14C and Maya Long Count dates: using Bayesian modeling to develop robust site chronologies

Author(s): Gerardo Aldana

Year: 2015


Bayesian Statistics has now demonstrated its strong utility in archaeology, specifically through software that conditions radiocarbon data. Only recently has this technology been applied within Maya archaeology, however, in part because the Mayan calendar provides a much greater resolution in dating archaeological events than is possible with radiocarbon data. The Long Count in particular allows for the assignment of some events relative to each other, accurate to the day. In this paper, a new approach is presented to incorporate robust records of both in the same Bayesian analysis through the software OxCal. The results do call for a reconsideration of the earliest radiocarbon studies in the Maya area from the 1960s, as well as the latest attempts to corroborate the currently popular calendar correlation known as the GMT. This new study demonstrates the value of the approach and corroborates the 1-σ accuracy of the GMT, while at the same time opening up the possibility of revision by 20 or more years.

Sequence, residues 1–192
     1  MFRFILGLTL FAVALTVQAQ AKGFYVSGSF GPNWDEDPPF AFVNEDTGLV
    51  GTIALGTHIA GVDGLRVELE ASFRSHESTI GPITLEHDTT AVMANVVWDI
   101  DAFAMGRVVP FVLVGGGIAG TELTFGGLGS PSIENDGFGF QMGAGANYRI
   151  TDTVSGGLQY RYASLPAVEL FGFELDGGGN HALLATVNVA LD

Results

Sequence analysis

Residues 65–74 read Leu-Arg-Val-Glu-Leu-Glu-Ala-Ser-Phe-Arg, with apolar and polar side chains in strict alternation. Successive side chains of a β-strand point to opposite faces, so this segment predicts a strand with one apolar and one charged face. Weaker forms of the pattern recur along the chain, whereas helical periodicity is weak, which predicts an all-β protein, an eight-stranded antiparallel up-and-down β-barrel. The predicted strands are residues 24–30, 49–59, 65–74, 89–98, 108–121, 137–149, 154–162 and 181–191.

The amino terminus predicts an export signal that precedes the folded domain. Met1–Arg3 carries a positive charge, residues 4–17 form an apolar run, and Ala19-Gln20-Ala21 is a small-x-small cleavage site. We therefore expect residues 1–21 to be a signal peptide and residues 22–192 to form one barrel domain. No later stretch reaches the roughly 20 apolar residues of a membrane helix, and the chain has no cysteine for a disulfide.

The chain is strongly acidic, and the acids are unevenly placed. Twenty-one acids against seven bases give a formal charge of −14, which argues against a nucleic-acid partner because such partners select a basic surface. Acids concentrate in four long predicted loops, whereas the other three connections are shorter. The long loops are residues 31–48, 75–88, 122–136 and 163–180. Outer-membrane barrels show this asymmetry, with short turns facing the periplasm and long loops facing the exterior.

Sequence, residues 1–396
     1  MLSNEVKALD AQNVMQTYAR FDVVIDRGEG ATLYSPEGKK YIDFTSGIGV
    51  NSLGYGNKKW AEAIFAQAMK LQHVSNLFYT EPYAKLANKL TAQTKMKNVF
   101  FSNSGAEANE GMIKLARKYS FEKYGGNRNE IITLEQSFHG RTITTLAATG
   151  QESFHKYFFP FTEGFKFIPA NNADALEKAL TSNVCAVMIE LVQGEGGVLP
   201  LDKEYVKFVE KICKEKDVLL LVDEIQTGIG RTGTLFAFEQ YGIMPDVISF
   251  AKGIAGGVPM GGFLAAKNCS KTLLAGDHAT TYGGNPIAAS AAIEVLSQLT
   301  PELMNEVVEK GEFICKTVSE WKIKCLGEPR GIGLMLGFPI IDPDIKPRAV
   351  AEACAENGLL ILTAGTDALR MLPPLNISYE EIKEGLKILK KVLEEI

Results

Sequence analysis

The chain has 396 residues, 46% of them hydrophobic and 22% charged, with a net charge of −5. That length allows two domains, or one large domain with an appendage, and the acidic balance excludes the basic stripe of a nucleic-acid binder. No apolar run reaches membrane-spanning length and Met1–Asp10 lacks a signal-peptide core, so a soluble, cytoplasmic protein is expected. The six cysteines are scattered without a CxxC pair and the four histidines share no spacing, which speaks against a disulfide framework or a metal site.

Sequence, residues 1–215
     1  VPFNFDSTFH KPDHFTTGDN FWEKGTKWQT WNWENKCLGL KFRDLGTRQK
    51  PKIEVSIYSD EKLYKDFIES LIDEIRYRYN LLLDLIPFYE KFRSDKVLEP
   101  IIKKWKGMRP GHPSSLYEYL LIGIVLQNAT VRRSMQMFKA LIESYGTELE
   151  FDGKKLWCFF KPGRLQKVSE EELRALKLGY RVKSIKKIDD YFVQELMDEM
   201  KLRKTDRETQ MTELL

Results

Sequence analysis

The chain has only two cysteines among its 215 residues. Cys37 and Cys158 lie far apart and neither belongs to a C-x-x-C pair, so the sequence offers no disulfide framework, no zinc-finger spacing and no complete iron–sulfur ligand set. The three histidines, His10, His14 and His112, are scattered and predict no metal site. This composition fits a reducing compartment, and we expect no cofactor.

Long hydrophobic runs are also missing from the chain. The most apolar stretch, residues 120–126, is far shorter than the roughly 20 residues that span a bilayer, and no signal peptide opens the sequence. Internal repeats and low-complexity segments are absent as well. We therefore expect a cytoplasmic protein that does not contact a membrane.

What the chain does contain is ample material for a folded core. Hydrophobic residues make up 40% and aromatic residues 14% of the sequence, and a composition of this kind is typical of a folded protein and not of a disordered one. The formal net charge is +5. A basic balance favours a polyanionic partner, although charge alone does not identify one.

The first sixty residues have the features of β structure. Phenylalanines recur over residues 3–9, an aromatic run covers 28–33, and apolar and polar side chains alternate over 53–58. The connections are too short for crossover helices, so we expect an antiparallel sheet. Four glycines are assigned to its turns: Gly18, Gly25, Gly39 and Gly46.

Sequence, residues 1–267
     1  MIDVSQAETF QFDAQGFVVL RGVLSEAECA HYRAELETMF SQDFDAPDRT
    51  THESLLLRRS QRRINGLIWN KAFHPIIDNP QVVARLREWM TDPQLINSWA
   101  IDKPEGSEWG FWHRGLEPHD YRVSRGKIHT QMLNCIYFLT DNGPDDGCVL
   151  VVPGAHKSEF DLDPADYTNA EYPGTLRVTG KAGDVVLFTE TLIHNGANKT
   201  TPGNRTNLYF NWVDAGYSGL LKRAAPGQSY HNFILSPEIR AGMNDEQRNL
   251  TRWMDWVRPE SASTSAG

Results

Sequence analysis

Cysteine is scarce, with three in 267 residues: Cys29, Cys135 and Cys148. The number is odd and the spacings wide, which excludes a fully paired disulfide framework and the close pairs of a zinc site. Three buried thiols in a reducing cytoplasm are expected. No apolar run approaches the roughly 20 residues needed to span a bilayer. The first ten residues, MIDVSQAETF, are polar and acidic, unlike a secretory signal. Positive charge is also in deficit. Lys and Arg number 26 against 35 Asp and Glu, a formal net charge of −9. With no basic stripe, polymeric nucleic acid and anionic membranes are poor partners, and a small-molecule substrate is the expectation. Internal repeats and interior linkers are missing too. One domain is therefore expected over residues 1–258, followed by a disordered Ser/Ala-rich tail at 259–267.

SAA 2015 abstracts made available in tDAR courtesy of the Society for American Archaeology and Center for Digital Antiquity Collaborative Program to improve digital data in archaeology. If you are the author of this presentation you may upload your paper, poster, presentation, or associated data (up to 3 files/30MB) for free. Please visit http://www.tdar.org/SAA2015 for instructions and more information.

Cite this Record

14C and Maya Long Count dates: using Bayesian modeling to develop robust site chronologies. Gerardo Aldana. Presented at The 80th Annual Meeting of the Society for American Archaeology, San Francisco, California. 2015 ( tDAR id: 398237)

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Spatial Coverage

min long: -107.271; min lat: 12.383 ; max long: -86.353; max lat: 23.08 ;